Lawsuit claims CVS unintentionally revealed HIV status of 6,000 customers in ...

Lawsuit claims CVS unintentionally revealed HIV status of 6,000 customers in ...
Lawsuit claims CVS unintentionally revealed HIV status of 6,000 customers in ...

A federal lawsuit claims CVS mailed letters last year that showed the status of participants in the state's HIV drug assistance program through the envelopes' glassine window.

The complaint, which was filed March 21 in federal court in Ohio, also names Fiserv, the company that CVS hired to mail the letters. On the envelopes used by Fiserv, the patients' HIV status could be seen through the clear window, just above their name and address, the documents states.

The letters included the patients' new benefits cards and information about a mail prescription program.

The companies are being sued by three unidentified plaintiffs, according to the complaint.

The first plaintiff, only identified as John Doe One of Delaware County, Ohio, says he "feels that CVS has essentially handed a weapon to anyone who handled the envelope, giving them the opportunity to attack his identity or cause other harm to him."

Another plaintiff identified as John Doe Two of Defiance County says he lives in a small town and fears the stigma stemming from the disclosure of his HIV status.

He is also concerned that his "friends and family run the risk of being stigmatized just by being seen with him."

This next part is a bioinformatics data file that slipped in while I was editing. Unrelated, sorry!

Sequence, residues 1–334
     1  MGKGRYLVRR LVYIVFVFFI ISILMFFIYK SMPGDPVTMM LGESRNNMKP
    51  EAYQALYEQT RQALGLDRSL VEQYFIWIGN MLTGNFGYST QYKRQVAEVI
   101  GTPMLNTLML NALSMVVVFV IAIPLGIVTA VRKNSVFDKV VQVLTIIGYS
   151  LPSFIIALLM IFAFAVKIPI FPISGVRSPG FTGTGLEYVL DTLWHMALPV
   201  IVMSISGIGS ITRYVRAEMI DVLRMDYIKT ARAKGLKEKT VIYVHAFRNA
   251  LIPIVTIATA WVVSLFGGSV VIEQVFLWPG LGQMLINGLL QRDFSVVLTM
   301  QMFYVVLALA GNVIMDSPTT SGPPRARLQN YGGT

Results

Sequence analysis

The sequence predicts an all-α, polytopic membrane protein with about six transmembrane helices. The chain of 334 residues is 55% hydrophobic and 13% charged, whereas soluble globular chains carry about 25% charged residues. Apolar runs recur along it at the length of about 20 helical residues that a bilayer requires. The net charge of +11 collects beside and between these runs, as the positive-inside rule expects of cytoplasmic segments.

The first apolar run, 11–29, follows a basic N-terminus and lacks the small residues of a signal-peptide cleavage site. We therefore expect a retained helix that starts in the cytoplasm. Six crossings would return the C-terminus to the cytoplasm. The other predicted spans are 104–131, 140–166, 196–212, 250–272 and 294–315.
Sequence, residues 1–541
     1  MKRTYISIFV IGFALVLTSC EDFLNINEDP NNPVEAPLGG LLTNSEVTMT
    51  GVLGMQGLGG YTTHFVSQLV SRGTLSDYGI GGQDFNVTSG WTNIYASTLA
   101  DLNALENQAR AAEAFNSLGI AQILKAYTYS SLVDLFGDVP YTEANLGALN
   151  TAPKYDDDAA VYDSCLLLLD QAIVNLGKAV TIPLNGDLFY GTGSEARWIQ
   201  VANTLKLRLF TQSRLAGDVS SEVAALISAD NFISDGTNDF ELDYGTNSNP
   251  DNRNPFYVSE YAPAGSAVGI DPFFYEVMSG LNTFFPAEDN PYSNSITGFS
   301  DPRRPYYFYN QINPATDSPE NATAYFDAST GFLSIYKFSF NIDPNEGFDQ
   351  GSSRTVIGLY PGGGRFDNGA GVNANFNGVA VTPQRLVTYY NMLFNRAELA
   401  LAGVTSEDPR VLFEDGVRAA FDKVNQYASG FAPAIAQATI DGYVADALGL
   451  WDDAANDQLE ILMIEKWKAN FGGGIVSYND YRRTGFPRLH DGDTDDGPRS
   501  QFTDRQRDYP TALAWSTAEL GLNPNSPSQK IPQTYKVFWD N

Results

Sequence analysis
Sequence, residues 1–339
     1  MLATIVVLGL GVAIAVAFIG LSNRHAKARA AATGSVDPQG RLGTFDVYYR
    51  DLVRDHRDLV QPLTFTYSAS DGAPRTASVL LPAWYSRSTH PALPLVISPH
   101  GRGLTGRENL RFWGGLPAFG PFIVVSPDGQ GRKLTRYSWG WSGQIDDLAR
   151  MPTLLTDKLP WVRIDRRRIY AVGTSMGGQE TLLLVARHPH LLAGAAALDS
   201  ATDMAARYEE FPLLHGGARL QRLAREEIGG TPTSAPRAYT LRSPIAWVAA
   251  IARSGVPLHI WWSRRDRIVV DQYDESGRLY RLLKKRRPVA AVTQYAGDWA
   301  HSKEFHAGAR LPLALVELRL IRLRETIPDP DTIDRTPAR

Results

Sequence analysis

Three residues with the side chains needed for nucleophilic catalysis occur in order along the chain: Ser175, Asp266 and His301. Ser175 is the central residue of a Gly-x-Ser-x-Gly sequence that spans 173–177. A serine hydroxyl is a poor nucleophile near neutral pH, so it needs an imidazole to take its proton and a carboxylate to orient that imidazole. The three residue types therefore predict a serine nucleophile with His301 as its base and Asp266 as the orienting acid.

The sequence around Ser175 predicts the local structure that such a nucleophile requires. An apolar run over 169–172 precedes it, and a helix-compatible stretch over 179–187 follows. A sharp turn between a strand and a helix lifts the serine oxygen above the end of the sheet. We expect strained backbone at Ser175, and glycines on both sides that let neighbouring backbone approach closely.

The third plaintiff says he also lives in a small town in Gallia County, where "everyone knows everyone" and has experienced "significant distress as a result of this disclosure."

He is scared to leave his home and has "experienced complications and health issues since this disclosure, up to and including just in the past several days."

The plaintiffs are seeking a class-action suit and a jury trial.

The attorneys claim that CVS failed to announce the breach of privacy data and did not contact all the patients whose status was revealed.

In a statement to CNN, CVS Health said the envelope window was intended to show a reference code for the assistance program and not the recipient's health status.

"CVS Health places the highest priority on protecting the privacy of those we serve, and we take our responsibility to safeguard confidential information very seriously," the statement said.

"As soon as we learned of this incident, we immediately took steps to eliminate the reference code to the plan name in any future mailings."

A representative for Fiserv told CNN the company does not comment on pending litigation.

The Ohio Department of Public

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